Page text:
Cancer

Speaking out for Lung Cancer Awareness Month: “We’ve got to get rid of the stigma”

November is Lung Cancer Awareness Month, and we’re sharing members’ encounters with stigma and the automatic association with smoking. Lung cancer rates are increasing among nonsmokers, and some members of your community are raising their voices. One concern? The assumption that lung cancer only affects smokers could delay diagnosis and treatment for anyone (especially never-smokers) with symptoms. Some say that stigma also affects funding for lung cancer research. Lung cancer rates rising among nonsmokers As many as one in five people who die from lung cancer in the U.S. every year do not smoke or use any other form of tobacco, according to the American Cancer Society (ACS). “In fact, if lung cancer in non-smokers had its own separate category, it would rank among the top 10 fatal cancers in the United States,” the ACS says. Two studies presented at the 2015 World Conference on Lung Cancer showed that lung cancer rates among nonsmokers (especially women) have been increasing over the past decade. The ACS says that avoiding or quitting tobacco use is still the most important way people can reduce their risk for lung cancer, but researchers have found several other causes or risk factors, including: Radon gas Secondhand smoke …

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From tomatoes to turmeric: Can foods fight inflammation?

Inflammation is a hot topic. What’s it all about? And what’s the scoop on certain diets, foods and supplements, such as turmeric, when it comes to fighting inflammation? What is inflammation? Not all inflammation is “bad.” Acute inflammation is part of the body’s natural way of defending itself from foreign substances like viruses, bacteria, cuts and splinters. It may cause redness, swelling, heat and/or pain. The upside is, these symptoms are a sign that the body is responding after an injury or infection by triggering white blood cells and disease-fighting chemicals. But some “other” kinds of inflammation — like chronic inflammation (which may include constant low-grade or systemic inflammation) and inflammation from autoimmune disorders (where the body attacks its own healthy cells as if they’re foreign) — doesn’t always show visible or obvious symptoms and can play a more long-term and complex role, according to Mayo Clinic. Which diseases or conditions does it affect? Mounting research shows that inflammation is a common underlying factor (and possibly a cause) in many — perhaps even all — diseases. You’ve probably heard about the role of inflammation in arthritis or heart health. But researchers and doctors have also studied inflammation’s link to a wide range of other diseases and conditions, including cancer, diabetes, Alzheimer’s …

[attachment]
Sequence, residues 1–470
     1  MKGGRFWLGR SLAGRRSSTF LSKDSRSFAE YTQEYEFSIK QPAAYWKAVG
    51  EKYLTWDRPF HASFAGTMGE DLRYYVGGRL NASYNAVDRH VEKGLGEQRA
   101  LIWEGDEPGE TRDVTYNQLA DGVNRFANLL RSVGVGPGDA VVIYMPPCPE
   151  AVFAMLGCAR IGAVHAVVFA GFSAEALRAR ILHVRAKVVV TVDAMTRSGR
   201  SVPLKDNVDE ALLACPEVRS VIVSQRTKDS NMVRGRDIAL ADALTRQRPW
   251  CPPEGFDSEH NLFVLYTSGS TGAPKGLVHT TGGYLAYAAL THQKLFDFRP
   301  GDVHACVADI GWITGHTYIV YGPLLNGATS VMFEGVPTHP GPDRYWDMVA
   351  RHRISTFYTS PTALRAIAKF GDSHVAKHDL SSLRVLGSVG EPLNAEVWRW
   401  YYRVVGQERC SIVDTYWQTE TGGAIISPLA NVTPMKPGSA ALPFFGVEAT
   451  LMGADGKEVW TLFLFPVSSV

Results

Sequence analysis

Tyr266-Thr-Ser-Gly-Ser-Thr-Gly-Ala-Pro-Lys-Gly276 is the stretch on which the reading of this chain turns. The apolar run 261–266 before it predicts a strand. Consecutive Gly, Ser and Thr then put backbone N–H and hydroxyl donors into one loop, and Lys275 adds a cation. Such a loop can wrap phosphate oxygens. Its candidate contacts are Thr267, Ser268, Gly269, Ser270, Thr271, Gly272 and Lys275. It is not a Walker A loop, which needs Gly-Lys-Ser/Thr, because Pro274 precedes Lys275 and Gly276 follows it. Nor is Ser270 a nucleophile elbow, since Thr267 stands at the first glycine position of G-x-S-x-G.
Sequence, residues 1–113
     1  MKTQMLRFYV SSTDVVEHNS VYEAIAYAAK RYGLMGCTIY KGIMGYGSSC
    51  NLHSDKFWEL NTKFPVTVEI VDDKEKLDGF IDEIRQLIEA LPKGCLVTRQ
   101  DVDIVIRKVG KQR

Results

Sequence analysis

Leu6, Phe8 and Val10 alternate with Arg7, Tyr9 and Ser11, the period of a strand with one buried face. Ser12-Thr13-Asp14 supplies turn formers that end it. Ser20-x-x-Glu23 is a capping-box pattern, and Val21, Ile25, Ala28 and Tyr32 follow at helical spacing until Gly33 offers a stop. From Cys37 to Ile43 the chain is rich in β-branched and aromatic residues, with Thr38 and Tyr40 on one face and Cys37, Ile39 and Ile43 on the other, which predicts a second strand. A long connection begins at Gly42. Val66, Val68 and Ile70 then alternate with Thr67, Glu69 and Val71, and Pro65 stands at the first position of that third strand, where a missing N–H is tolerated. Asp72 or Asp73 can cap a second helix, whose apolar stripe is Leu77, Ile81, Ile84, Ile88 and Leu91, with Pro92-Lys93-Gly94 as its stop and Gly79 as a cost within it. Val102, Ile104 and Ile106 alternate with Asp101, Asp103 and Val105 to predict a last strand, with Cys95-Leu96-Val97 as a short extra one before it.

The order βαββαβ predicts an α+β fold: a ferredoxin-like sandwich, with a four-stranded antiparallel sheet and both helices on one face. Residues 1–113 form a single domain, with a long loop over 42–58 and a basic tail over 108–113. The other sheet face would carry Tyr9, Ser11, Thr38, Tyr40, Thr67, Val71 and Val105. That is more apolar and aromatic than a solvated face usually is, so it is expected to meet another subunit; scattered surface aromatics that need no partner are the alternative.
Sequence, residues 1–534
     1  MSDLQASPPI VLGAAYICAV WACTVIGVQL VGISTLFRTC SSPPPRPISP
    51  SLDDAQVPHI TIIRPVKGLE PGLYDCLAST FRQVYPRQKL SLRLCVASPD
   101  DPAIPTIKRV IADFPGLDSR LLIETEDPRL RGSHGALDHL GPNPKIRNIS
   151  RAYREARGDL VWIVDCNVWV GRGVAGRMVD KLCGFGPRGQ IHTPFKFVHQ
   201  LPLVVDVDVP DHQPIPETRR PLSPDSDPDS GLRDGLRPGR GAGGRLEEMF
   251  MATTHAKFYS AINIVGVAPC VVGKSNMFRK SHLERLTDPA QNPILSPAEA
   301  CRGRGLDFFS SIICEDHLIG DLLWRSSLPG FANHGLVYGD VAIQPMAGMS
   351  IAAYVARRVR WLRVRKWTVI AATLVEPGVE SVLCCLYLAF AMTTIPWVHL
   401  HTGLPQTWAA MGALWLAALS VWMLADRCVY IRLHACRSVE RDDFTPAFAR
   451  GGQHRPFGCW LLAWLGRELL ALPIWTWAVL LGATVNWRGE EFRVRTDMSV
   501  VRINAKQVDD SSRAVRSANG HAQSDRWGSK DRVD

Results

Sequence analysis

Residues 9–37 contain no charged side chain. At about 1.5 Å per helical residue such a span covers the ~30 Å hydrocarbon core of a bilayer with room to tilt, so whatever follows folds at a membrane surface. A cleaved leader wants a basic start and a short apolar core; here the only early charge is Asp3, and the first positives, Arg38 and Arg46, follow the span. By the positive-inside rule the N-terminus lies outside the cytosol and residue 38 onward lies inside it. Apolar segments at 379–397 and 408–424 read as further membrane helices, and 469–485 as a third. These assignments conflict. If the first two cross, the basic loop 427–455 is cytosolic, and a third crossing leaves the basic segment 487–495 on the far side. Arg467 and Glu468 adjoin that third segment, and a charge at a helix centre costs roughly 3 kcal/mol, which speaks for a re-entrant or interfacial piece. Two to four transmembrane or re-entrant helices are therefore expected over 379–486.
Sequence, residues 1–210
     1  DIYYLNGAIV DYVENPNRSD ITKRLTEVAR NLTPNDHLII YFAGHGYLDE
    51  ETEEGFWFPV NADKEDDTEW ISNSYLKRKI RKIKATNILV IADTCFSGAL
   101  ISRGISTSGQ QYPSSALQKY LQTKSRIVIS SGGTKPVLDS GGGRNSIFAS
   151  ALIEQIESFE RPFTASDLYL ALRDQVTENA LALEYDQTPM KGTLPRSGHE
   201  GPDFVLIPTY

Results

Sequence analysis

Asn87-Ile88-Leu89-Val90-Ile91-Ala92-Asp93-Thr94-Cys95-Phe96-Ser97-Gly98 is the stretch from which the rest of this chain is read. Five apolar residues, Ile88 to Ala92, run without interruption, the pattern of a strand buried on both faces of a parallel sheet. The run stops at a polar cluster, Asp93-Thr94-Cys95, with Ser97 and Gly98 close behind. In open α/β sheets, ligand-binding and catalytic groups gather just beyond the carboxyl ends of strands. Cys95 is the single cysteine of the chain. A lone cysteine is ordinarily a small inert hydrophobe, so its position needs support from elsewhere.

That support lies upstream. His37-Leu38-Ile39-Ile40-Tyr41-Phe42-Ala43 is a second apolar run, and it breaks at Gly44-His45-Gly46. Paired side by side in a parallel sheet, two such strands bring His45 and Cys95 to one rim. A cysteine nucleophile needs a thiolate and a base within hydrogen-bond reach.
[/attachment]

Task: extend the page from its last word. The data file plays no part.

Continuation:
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How cancer affects diet + pointers for trying to eat well

Many PatientsLikeMe members have talked in the forum about the dietary impact of lung cancer treatment and how it has hindered their eating. As many as 40 to 60 percent of patients with lung cancer experience unintentional weight loss. Eating well (or as best you can) during and after cancer treatment can help you keep up your body weight, strength and ability to fight off infection. With the help of our Health Data Integrity Team, we’ve rounded up some diet and nutrition pointers for people with lung cancer. Treatment side effects impacting diet Everyone responds differently to treatments, and side effects vary in severity for patients, but here are some common ways treatments can affect your diet. Surgery – Recovery requires extra energy and nutrients to heal wounds, fight infection and recover (physically and emotionally). If your weight is below normal, either before or after surgery, work with your care team to develop a nutrient-rich eating plan. Chemotherapy – It aims to kill cancer cells, but chemo may also damage healthy cells in the mouth, stomach and intestines. This may result in mouth sores, taste changes, nausea, vomiting, diarrhea and constipation. When more than one drug is given (as is …

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10 hot weather and sun-safety pointers for people with lung cancer

On PatientsLikeMe, nearly 7,000 members are sharing their experiences with lung cancer. The dog days of summer have arrived, so we’ve rounded up some tips for handling the weather’s impact on breathing troubles and the side effects of chemo, radiation and surgery. Hot weather tips for people with breathing issues The American Lung Association reminds those with lung disease that your lungs might be working harder in the summer air. Taking some extra steps may help you breathe easier. Hot and humid weather can cause airway inflammation and add to breathing difficulty. Tip: Use air-conditioners (with clean filters) in your home, if possible. Air pollution (which worsens in the summer due to increased ozone from smog) can also bother your breathing when you have lung disease. Tip: Keep tabs on the air quality forecast in your region, and avoid high-pollution areas (such as jammed highways), if you can. When your body is working harder to breathe, you can easily become dehydrated. Tip: Drink plenty of cold water, even if you don’t feel thirsty. Sun- and heat-safety for people undergoing cancer treatment Certain kinds of chemotherapy can make you more sensitive to the sun. Radiation therapy sites and surgical scars also …

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